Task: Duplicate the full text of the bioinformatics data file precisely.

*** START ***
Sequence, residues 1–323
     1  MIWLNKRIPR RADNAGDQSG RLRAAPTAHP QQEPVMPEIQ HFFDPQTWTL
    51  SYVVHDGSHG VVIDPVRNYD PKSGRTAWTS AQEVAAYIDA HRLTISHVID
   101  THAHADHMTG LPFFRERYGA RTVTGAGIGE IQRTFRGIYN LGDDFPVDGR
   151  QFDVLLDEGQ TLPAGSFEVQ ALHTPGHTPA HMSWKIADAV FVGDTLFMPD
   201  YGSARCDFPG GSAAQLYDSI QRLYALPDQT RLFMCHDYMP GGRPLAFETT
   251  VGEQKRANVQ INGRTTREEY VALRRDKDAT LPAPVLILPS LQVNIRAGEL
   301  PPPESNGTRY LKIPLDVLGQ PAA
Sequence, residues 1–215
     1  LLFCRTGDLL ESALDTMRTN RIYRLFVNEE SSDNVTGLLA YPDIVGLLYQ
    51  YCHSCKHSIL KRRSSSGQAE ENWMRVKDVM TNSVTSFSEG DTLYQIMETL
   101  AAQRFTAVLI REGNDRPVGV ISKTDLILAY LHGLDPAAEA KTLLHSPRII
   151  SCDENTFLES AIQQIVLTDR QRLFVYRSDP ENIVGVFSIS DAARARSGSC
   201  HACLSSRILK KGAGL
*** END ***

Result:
Sequence, residues 1–323
     1  MIWLNKRIPR RADNAGDQSG RLRAAPTAHP QQEPVMPEIQ HFFDPQTWTL
    51  SYVVHDGSHG VVIDPVRNYD PKSGRTAWTS AQEVAAYIDA HRLTISHVID
   101  THAHADHMTG LPFFRERYGA RTVTGAGIGE IQRTFRGIYN LGDDFPVDGR
   151  QFDVLLDEGQ TLPAGSFEVQ ALHTPGHTPA HMSWKIADAV FVGDTLFMPD
   201  YGSARCDFPG GSAAQLYDSI QRLYALPDQT RLFMCHDYMP GGRPLAFETT
   251  VGEQKRANVQ INGRTTREEY VALRRDKDAT LPAPVLILPS LQVNIRAGEL
   301  PPPESNGTRY LKIPLDVLGQ PAA
Sequence, residues 1–215
     1  LLFCRTGDLL ESALDTMRTN RIYRLFVNEE SSDNVTGLLA YPDIVGLLYQ
    51  YCHSCKHSIL KRRSSSGQAE ENWMRVKDVM TNSVTSFSEG DTLYQIMETL
   101  AAQRFTAVLI REGNDRPVGV ISKTDLILAY LHGLDPAAEA KTLLHSPRII
   151  SCDENTFLES AIQQIVLTDR QRLFVYRSDP ENIVGVFSIS DAARARSGSC
   201  HACLSSRILK KGAGL